Recessed Lighting Tips

Recessed lighting is the most common type of architectural lighting in residences today. Recessed downlighting blends comfortably with most interior designs. And because of the diverse effects possible with recessed lighting it can provide ambient, task, accent and wall illumination. Recessed lighting can utilize incandescent, low voltage, compact fluorescent or LED as sources.

Term: “IC” Rated Housings

Definition: “IC” is short for Insulation Contact. This means that any housing with the “IC” rating can make direct contact with ceiling insulation.

Term: NON “IC” Housings

Definition: This means that these housings can NOT make direct contact with insulation. These housings are still used because they usually allow for higher wattages.

Term: Remodel or Retrofit Housings

Definition: This means that any housing with the “Remodel” rating is made without a frame and has mounting clips. These clips are attached to the “can” of the housing. These clips are designed to attach to the drywall and or some other materials. Therefore you must have existing drywall or other suitable surface to attach these housing to, You can NOT use for open ceilings.

Term: 12v LOW VOLTAGE Housings

Definition: 12v Low Voltage means that that housing has a transformer built in to it (unless otherwise noted that transformer is not included). This transformer (usually 50 Watts maximum) steps down the voltage coming in to your home which is called High Voltage (110/120 Volt) and converts (steps it down) to 12 Volt Low Voltage. 12 Volt Low Voltage is an energy efficient lighting and allows you to utilize the MR16 bulb (unless otherwise noted that it uses another type bulb). This halogen MR16 bulb offers a variety of wattages and beam spread.

Term: 120v HIGH VOLTAGE Housings

Definition: 120v High Voltage means that that housing has NO transformer and does NOT require one. Therefore it uses the same voltage coming in to your home which is called High Voltage (110/120 Volt). These High Voltage housings are useful for the following reasons:
There is no transformer to worry about
They generally cost less because there is no transformer
Depending on trim selected, they can use a halogen or incandescent bulb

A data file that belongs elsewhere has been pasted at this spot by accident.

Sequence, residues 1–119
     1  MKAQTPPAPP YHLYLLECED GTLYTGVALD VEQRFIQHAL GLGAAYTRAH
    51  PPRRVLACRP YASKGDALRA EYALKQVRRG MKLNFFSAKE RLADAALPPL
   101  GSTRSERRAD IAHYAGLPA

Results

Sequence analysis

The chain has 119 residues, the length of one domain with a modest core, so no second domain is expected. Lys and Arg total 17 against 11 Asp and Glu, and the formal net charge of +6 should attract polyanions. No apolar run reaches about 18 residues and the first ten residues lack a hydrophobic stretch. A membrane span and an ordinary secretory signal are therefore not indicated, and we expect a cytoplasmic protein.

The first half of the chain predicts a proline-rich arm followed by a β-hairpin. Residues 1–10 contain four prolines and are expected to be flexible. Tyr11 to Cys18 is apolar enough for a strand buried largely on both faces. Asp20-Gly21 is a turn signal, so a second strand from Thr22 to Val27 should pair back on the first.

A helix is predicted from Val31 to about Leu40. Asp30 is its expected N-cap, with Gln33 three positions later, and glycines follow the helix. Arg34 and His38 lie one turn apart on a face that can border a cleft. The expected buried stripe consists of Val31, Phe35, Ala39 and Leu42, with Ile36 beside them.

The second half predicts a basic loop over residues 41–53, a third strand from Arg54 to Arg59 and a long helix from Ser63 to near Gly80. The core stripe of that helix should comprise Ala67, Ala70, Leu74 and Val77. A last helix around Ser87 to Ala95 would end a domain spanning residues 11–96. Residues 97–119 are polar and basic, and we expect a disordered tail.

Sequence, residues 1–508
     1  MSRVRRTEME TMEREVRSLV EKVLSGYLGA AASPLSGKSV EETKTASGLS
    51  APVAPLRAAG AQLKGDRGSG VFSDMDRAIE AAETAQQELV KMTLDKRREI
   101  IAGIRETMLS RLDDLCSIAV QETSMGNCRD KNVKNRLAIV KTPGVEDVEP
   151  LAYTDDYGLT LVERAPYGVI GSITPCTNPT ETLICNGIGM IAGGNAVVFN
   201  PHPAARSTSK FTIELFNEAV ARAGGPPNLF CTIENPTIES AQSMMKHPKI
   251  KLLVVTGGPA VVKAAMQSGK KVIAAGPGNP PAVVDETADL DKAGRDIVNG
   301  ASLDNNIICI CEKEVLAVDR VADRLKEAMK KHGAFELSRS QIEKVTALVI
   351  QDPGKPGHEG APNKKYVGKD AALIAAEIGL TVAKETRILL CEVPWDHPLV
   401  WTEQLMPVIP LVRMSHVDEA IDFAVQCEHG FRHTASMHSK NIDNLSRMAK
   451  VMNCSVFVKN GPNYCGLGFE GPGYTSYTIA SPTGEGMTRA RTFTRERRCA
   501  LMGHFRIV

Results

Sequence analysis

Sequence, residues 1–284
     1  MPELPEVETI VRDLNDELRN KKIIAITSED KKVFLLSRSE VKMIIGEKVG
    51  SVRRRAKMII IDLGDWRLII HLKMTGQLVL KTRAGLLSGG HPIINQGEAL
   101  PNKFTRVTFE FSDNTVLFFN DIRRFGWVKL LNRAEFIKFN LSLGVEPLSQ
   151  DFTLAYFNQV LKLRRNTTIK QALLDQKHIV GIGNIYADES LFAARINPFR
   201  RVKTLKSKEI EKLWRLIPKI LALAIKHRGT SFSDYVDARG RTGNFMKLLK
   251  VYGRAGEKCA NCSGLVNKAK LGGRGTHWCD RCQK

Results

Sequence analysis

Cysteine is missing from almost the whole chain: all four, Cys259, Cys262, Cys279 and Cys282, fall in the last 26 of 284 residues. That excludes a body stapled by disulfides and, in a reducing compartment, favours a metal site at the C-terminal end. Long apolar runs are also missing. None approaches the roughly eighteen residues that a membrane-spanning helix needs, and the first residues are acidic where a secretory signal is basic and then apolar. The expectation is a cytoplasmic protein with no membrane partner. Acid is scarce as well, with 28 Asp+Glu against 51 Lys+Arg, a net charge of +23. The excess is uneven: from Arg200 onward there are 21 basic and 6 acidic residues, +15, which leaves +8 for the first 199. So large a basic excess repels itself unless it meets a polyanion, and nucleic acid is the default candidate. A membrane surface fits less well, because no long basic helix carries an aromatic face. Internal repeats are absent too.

Great for ambient lighting

Term: 3″, 4″, 5″ & 6″ Recessed Lighting

Definition: Very Simple: Diameter Size (in inches) of the housing’s opening where the trim is to be inserted. Is there a difference in light output? There is no difference in light output if they take the same bulb and handle the same wattage. For example, if a 4″ housing takes a 50 Watt Par Bulb, and a 5″ or 6″ housing takes the same bulb, then you will get the same exact light output. The only difference is the 4″ will just be a smaller looking fixture than the 5″ or 6″.

Term: Baffle

Definition: Baffles trap and shape the light, ultimately minimizing glare and reducing brightness by narrowing the focus of the downlighting beam. They also provide control for R, BR, and PAR lamps

Term: Reflector

Definition: Reflectors maximize light output. These trims are ideal for general, accent, and task applications for both residential and commercial needs.

Term: Wall Washers

Definition: Wall Washers emphasize vertical surfaces and visually increase the perceived size of a room. Aim wall washers toward pictures, fireplaces, or wall hangings.

Term: Elbows and Adjustable

Definition: Elbows and adjustables provide adjustable and directional lighting suitable for accent, task, and wall washing.

Installing recessed lighting is a relatively simple job that can be done safely if you follow one cardinal rule: Turn off the power first. Always cut power to the circuit at the main electrical panel. To ensure that the power is off use a tester and then lock the panel box, or put a sign on it, reminding people not to touch it because someone is attending to wires. Additionally, make sure to check with local authorities to see if a permit is required.

Another important safety consideration during installation is to only install approved IC fixtures when insulation is present. When insulation touches an improperly rated light, fire can result. Also remember your circuits and some of these steps will probably be different, so read the manufacturers instructions.

Before you install your light fixture, you need to prepare a plan. The spacing and layout is extremely important. You want to position the housing where it’s needed for the job that it is intended to do, while avoiding the creation of shadows where light is needed. Consider the different jobs that this light source can accomplish and take into consideration the need for task, accent, and general lighting.

If recessed lighting is the only fixed source of light in a room, allow one fixture for every 25 square feet of floor space. And you should space your lights about 6-7 feet apart to get a good overall coverage in your room. Most housing’s require 7″ to 8″ above your ceiling. It is also important to determine where the joists are in your room so that you can place your lights accordingly. Keep in mind that if you place all your lights between the same two joists, you will have less trouble running wire than if you place them between different joists. To make an easy installation, minimize the number of joists that you have to run wire through.

Before you begin installation, make sure you’ve considered all of the electrical and safety considerations have the bought appropriate materials and tools, and have read the manufacturers instructions. Another good idea before you start the installation portion of the project is to cover or remove furniture and cover the floor with a drop cloth because you may make a dusty mess during the installation process; you may also want to cover interior doors to contain your dust and open outside windows. And remember, if there’s no electrical outlet handy, you may want to hire an electrician to run wire to the new fixture.